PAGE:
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Out Of Contention, But Still Contentious (Week 16 Game Review)
Posted By ChiefsWarpath.com On December 31, 2011 @ 5:49 pm In Commentary | Comments Disabled
With Saturday’s loss to the Oakland Raiders, the 2011 Chiefs were officially eliminated from playoff contention. In the grand scheme of things, this is meaningless. The 2011 Chiefs were officially eliminated from Super Bowl contention on September 11, when they chose to begin yet another season with Matt Cassel at the helm. You’d think by now I’d be done criticizing a guy that hasn’t played since mid November. Well, I’m not. I want to root for a winner.
I remember a fair amount of minutia from many Chiefs games of the past decade, but I only have vivid visual recollections of a few. I wish I only remembered the wins, but I don’t. While I, like you, would love to erase the memory of the Vermeil era Colts Wild Card game, the Damon Huard/Brandon Carr shutout by the Panthers, and the 2003 loss to the Bengals that shattered the Chiefs’ undefeated record as well as Mike Maslowski’s knee, the one I’d least want to relive was the 2002/’03 Week 17 Monsoon Bowl scoreless outing against the Raiders.
This week was a lot like that week–a late season loss to a division opponent starting a quarterback I wish they didn’t have, ultimately leading to postseason elimination. Still, in a division stricken by mediocrity from top to bottom, the Chiefs still hold significant stock as a spoiler. At this point, I’m doing something I haven’t done since Bo Jackson wore pads and cleats: I’m rooting for the Raiders. It’s a terrible, awful feeling, but I’m prepared to justify my position with the following six points:
I don’t hate Carson Palmer. He’s a good/borderline great player who got a raw deal when he was drafted to one of the most poorly managed teams in professional sports. He hasn’t been in the division long enough for my opinion of him to have changed. Quite frankly, after the whole Rich Gannon debacle 11 years ago, I just haven’t developed the same ire toward an Oakland quarterback that I nearly automatically do toward a Denver quarterback (it helps that they haven’t bothered trying to use anyone good in the interim).
I don’t like Tim Tebow. “And when you pray, do not be like the hypocrites, for they love to pray standing in the synagogues and on the street corners to be seen by others…. But when you pray, go into your room, close the door and pray to your Father, who is unseen. Then your Father, who sees what is done in secret, will reward you.” Matthew 6:5-6.
I like John Elway even less. This cartoonish charade Elway has been forced to put on, praising the accomplishments of a quarterback who, in essence, is a novelty in the vein of Kordell Stewart, is going to come to an ugly head sooner or later. I vote for sooner. At some point Elway will have to choose to protect the future of the Broncos franchise. En route, he’s going to piss off a whole bunch of Coloradans that don’t understand football well enough to grasp that a team cannot be successful by running the option for three quarters and hoping the defense can hold the opponent to 10 or less. Everyone loves a quality train wreck, and this one looks like it’s gonna deliver.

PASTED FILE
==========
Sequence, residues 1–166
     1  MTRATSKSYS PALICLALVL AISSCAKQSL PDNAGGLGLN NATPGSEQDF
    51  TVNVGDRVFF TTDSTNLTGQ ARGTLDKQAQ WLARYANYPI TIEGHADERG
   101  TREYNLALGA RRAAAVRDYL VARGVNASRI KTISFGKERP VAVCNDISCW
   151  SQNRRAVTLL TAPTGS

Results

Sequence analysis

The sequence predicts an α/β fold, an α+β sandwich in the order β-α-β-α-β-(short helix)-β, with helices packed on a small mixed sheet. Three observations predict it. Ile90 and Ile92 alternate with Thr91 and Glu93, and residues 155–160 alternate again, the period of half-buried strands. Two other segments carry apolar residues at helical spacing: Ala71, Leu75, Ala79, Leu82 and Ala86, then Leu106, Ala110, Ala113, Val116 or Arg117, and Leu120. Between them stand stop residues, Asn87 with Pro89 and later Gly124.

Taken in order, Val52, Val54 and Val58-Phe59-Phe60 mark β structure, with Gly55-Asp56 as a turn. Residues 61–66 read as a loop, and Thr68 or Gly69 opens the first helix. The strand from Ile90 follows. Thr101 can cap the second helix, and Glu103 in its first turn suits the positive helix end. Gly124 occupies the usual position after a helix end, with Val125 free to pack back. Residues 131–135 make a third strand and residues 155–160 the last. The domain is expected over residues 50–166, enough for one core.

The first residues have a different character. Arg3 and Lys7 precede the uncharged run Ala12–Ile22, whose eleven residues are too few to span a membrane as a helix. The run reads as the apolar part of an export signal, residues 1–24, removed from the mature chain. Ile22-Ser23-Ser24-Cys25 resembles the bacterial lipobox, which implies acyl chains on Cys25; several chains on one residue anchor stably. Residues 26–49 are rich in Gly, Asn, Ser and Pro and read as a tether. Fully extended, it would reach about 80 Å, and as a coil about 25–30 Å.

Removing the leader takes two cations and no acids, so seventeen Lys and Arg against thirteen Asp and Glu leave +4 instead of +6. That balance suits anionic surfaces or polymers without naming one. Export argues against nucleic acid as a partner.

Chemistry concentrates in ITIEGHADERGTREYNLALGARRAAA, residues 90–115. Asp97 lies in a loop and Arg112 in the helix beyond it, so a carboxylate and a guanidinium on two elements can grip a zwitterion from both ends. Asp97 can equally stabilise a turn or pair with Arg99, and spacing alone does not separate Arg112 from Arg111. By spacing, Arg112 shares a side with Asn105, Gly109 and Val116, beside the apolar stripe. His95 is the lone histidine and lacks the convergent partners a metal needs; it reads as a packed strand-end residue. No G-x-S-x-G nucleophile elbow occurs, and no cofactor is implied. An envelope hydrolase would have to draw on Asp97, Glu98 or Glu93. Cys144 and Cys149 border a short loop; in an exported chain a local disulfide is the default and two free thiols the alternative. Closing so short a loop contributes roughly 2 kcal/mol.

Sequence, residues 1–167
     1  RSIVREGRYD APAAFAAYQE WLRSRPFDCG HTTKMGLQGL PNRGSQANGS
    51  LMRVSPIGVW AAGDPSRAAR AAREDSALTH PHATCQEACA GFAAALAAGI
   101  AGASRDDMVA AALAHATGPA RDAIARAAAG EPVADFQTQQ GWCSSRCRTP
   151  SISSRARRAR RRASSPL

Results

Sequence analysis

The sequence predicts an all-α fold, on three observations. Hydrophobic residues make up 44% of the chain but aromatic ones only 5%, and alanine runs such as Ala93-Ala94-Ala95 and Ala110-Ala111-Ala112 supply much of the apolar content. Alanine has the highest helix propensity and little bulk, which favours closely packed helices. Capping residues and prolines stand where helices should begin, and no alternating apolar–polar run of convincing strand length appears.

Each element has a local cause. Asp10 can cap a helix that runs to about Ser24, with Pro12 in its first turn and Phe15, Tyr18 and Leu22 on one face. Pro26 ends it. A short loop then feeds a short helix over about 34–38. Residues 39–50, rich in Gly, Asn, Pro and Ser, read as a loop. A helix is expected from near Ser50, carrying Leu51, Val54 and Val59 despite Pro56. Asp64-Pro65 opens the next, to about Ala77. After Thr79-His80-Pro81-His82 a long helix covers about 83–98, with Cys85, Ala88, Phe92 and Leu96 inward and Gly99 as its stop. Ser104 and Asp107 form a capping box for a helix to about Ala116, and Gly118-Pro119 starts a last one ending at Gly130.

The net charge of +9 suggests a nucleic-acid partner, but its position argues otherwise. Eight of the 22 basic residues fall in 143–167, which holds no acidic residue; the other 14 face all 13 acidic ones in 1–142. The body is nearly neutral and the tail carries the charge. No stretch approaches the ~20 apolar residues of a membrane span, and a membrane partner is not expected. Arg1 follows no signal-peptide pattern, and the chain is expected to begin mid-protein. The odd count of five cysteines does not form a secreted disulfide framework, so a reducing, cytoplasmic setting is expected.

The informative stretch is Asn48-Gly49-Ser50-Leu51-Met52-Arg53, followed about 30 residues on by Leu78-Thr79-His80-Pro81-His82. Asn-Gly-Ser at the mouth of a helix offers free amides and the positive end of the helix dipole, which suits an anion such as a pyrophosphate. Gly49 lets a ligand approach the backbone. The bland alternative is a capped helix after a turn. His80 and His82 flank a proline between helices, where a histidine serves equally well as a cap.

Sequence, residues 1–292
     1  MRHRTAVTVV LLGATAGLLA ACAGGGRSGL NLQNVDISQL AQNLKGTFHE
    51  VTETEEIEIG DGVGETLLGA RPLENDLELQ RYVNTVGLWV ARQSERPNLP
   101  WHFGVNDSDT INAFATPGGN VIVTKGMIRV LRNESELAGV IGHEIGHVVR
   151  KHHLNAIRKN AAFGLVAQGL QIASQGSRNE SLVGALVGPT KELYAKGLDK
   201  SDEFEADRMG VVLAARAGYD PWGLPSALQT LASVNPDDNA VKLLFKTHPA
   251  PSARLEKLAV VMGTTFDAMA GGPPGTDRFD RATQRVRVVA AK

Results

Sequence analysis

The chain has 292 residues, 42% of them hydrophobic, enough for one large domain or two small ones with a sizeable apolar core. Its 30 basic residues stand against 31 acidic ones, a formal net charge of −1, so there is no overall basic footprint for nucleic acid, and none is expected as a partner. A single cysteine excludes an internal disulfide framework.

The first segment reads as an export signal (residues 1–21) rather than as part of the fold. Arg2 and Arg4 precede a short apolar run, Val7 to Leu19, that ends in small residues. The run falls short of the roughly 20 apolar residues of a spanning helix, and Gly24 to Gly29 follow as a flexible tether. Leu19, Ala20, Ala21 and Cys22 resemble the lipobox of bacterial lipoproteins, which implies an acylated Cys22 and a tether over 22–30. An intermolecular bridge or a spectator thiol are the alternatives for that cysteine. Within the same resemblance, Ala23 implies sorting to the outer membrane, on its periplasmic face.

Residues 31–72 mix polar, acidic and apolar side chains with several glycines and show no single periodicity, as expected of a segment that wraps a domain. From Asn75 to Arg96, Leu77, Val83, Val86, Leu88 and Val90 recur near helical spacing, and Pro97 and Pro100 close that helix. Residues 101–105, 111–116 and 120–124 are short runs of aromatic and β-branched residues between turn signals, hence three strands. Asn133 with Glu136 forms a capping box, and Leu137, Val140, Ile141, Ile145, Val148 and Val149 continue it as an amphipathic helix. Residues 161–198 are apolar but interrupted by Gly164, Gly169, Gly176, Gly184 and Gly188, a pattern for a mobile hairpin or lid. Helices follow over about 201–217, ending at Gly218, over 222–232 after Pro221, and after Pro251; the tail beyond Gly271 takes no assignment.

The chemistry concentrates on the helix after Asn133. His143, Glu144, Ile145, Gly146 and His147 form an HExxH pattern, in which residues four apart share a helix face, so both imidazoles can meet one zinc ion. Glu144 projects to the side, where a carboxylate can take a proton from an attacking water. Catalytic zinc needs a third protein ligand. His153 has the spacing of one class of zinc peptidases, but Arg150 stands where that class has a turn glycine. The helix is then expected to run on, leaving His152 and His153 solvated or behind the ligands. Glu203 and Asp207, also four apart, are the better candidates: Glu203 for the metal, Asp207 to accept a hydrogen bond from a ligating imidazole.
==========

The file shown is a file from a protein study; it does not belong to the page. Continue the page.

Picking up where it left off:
3rd place is better than 4th. Most years this actually isn’t the case. 3rd place teams seldom make the playoffs, but the following season they draft lower and play (theoretically) tougher competition. Next season is an exception. The Bengals, despite ranking 3rd, are likely playoff bound, which would actually lend credence to the whole tougher competition thing. The Chiefs play the entire AFC North next season anyway, however, so it’s a moot point. Thus (assuming this weekend’s games play out as I expect them to), the question is this: do the Chiefs want to play the Colts and Bills next season, or the Jaguars and Dolphins? Call me crazy, but I’ll take the two teams with no head coach, major quarterback issues, and impending voids in their pass rush.
I want Romeo Crennel to be successful. I’m making no secrets about the fact that he’s my personal top pick for head coach next season. I like his demeanor, and I like the fact that Kansas City’s defense is no longer a perennial pushover. The Green Bay win alone gives him a decent shot at coaching somewhere next season. If not here, that somewhere could be with the Jaguars or Dolphins. See above, then review recent history against ex-Chiefs coordinators. Don’t forget to take into account the guy calling in offensive plays for the Raiders.
Kyle Orton too. Unlike Crennel, Orton isn’t a long term solution. He’s not even all that great of a short term solution. He is, however, a real NFL quarterback. If you doubt that, take a look back at the perfectly executed lookoff on the Terrance Copper completion. That, to me, is a requisite skill. When Matt Cassel develops that skill, I’ll call him a real quarterback too. I’ll spare a rehash of the revenge storyline, but if a win helps Orton exorcise a few demons, I support that. Let him embarrass Von Miller the way Derrick Johnson embarrassed him at Mile High two years ago.
On that note, I wish you all a Happy New Year. Don’t drink anything I wouldn’t drink (cheap wine, cheap tequila, anything that comes in a plastic bottle, and any beer labeled Light or Lite). I personally will be welcoming 2012 by launching a barrage of fireworks of dubious legality in my county whilst blasting “Don’t Speak (I Came To Make A Bang)” by The Eagles Of Death Metal through a stereotypically 1980s boombox. Please send bail money to my father’s PayPal account.
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